by Canon Jim House
Proper 19, 12 September 2021
The Old Testament reading says, “The Lord has given me the tongue of the learned, that I should know how to speak a word in season to him who is weary.” There are people we know who are weary; God wants us to be able to speak a word to them in season.
Moses led the children of Israel in the wilderness, and they had many problems (I Corinthians 10:1-5). As mature Christians, serving the Lord, we no longer need to be told, “do this” and “don’t do that” or need a rod to correct us. We’ve all experienced the wilderness; probably most of us are in the wilderness: there are many restrictions, and we simply have to trust in the Lord. At the beginning of Jesus’ ministry, He was driven by the Holy Spirit into the wilderness. If you’re in the wilderness, God wants to challenge you not to be like the children of Israel but like Moses. When the people around him were thirsty and complaining, he struck the rock and water gushed out. This is the Lord’s challenge for us: we’re surrounded by people in the wilderness who complain, and who don’t understand who God is. They might see His works – the children of Israel saw God’s works but didn’t understand His ways. God wants us to know His ways: to have a word for people who are weary. Our job in the wilderness is to strike the rock and bring water to those who are thirsty. Our job for people who are hungry is to call upon God to give them the Bread of life, the manna. People around us are looking in many places for help, and are complaining; but God wants us to be an example to them. Every day we have an opportunity to be an example to the people around us, through love and sacrifice.
Recently I took a group of people who worked for me to Mexico for a rest, more than a hundred people over a period of four weeks. It was very hot: 110 degrees. There was a nice swimming pool, with food and drink included. A lady there was very angry because I brought too many guests; she was cursing, and calling the management. Everyone was angry and wanted to ask God to deal with her. When I prayed, God said, “You need to be more sensitive to what’s going on. You don’t who she is or what problems she’s been facing. She’s trying to relax, and you’re bothering her.” Everyone was complaining to me. Moses was in the same situation: the people weren’t obeying God. They were complaining and saying, “I wish we were still in Egypt and still had meat”; God had delivered them, and they’d forgotten what that slavery was like. God said, “I’ll kill them all!” Moses interceded for them and asked God not to be angry and not to destroy them. God spoke to me; “Why do you want to destroy this lady? What about Moses? Why don’t you have compassion for her?” I told the people, “We need to honour her, because we’re Christians: we’re supposed to show God’s love to those around us.” We stopped going to that pool and invading her territory. She’d also gathered disciples around her. I invited them over, gave them something cold to drink, and tried to love them.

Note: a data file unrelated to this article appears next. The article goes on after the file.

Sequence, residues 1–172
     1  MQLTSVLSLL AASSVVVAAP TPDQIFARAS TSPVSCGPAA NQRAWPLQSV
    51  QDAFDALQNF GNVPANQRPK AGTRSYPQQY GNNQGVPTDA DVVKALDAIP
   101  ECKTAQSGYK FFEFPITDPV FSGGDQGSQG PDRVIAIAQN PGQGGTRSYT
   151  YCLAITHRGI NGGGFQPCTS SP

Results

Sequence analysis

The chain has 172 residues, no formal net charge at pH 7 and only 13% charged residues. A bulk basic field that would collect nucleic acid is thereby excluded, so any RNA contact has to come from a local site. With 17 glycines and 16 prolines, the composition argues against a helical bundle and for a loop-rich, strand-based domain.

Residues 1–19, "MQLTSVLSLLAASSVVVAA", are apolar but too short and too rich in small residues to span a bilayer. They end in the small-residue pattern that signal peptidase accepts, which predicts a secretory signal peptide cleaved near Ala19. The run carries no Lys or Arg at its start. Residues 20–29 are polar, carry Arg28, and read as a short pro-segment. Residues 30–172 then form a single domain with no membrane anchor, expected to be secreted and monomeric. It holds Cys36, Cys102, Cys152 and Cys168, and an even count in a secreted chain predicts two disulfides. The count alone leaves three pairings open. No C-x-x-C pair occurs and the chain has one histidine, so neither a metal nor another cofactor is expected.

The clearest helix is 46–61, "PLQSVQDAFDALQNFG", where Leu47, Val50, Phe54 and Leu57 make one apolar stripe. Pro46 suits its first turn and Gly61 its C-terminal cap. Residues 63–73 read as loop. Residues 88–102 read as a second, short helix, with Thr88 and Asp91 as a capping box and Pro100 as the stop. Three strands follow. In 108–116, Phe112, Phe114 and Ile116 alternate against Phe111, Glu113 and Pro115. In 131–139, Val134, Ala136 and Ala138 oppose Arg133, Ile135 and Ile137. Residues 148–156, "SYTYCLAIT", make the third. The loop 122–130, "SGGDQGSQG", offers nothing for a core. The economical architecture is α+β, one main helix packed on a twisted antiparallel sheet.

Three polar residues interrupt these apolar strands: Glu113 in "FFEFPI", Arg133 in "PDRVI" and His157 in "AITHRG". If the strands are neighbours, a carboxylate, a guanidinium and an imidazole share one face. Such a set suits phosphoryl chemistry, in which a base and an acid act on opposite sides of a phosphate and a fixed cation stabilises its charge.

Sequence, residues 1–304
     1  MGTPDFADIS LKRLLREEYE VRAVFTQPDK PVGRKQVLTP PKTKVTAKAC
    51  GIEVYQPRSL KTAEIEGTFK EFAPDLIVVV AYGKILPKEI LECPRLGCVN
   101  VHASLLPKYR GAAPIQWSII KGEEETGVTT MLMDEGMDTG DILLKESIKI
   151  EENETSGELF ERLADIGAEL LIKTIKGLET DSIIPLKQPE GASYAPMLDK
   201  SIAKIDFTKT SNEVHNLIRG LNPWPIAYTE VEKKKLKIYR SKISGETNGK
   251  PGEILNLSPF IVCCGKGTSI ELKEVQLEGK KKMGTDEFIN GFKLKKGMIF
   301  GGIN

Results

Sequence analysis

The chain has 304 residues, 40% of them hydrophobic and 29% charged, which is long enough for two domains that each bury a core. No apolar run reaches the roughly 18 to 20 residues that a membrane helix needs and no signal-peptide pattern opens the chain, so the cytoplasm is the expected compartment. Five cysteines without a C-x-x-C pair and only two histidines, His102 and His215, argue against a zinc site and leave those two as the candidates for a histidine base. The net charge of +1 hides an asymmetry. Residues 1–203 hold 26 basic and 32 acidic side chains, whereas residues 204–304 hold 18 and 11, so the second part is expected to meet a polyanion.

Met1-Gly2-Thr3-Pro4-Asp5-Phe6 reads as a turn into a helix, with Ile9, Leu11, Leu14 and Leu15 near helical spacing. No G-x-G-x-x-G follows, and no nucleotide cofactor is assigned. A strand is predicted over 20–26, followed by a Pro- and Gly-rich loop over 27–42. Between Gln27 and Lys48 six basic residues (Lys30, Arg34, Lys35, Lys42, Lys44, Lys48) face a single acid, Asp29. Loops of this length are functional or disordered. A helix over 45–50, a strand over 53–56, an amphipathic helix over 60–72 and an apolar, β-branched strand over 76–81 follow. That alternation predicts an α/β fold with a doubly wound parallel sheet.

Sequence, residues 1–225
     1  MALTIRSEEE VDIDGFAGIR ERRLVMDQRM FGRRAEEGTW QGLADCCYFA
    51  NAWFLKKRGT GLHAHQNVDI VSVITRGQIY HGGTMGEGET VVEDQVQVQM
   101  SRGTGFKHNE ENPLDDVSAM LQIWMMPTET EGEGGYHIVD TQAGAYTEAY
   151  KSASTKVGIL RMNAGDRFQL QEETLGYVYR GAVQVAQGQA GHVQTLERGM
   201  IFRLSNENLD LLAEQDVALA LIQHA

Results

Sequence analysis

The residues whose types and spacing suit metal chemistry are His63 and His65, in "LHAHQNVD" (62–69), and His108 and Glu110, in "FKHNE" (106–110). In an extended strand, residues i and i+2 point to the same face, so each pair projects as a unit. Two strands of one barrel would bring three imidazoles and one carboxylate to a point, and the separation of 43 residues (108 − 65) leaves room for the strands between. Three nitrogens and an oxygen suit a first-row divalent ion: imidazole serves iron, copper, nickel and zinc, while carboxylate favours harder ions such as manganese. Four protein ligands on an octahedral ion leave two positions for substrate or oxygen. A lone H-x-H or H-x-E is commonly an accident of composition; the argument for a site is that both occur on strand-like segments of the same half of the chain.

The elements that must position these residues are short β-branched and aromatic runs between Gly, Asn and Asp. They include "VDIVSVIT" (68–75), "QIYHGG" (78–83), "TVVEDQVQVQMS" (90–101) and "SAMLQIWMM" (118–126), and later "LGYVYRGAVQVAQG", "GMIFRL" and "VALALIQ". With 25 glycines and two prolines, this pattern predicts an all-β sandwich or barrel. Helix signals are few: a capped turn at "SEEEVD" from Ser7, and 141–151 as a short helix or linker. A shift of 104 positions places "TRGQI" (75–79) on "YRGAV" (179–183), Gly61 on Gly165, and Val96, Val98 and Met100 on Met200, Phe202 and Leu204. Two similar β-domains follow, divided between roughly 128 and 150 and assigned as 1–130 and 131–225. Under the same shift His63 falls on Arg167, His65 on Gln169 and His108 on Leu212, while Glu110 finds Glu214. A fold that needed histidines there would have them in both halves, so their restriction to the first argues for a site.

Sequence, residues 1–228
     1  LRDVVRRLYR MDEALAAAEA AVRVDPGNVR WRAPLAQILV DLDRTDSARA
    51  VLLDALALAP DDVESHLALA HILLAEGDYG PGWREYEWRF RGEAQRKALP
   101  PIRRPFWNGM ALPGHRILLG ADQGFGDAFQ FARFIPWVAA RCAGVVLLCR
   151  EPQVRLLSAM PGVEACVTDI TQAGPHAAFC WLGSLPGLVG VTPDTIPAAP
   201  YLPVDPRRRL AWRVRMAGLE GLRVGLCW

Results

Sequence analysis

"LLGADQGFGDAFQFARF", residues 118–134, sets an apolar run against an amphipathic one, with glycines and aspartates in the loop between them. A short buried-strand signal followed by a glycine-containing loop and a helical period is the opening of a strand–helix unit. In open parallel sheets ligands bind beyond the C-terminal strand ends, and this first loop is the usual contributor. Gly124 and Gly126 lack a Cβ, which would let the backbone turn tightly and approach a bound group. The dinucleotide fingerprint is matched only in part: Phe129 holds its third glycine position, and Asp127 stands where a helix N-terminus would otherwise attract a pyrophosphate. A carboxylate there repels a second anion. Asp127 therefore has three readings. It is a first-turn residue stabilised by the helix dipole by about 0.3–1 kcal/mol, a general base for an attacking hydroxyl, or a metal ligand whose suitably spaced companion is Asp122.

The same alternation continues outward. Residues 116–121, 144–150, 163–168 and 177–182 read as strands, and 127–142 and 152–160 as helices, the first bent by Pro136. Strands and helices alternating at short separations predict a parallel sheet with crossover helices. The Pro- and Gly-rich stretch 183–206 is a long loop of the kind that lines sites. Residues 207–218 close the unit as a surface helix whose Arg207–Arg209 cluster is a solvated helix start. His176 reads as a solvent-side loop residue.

God has a different way for us than the world. The people around you are in the wilderness, thirsty and starving to death. If we’re only worried about ourselves and our circumstances, we won’t be able to feed and minister to them. It will come with people whom you think really have a big problem, and who may hate, abuse and look down on you. The Holy Spirit would say to us, “Be a Moses!” The people in the world are complainers, fornicators and idolaters. We’re to be a light in the darkness, to bring water to the thirsty, to call upon God to bring them manna from heaven. Lord, I don’t want to complain or be arrogant any more – I want to be like Moses, feed Your people, and bring water to those who are thirsty. That’s for all of us – you don’t have to be a minister, priest or deacon; you just have to be a man or woman of God who loves Him and wants to serve Him. He has people around you every day who need you to intercede for them, to cry out to God and say, “Take Your hand of anger from them”. He needs us to strike the rock and bring the water so they can be nourished. Pray to the Lord: “Make me a Moses this week. Bring those around me who are thirsty and hungry.” You’ll know; these are the people who will bother you and come against you.
Or be a Phinehas: he had zeal for God. The Lord was angry with the children of Israel and brought a plague on them. Phinehas stood up with the zeal of God and turned the wrath of God away; he stopped the plague, and he’ll be remembered throughout history. One of the Israelites had a girlfriend from Moab, and he threw a javelin so hard that it went through both of them and killed them. That’s how much zeal he had; he was so angry at what he saw and how he needed to stop God’s anger. God wants us to stop His anger; He wants us to have this zeal to help those around us.
You’ve had to face a wilderness, but refreshing is coming. The Holy Spirit is waiting to pour out His blessings on us. It takes a humble heart, a heart that will disobey your self. I used to wake up every morning and say to myself, “You’re going to disobey your self today.” My self is very strong – our selves tell us something different. It’s better to fix it at the beginning of the day: “I’m going to disobey you, self.”
If you believe God will take care of you, it’s time to take care of others. We’ve seen God’s power during the pandemic, and we want the world to know we serve a good God.
 Isaiah 50:4
 Numbers 25:1-13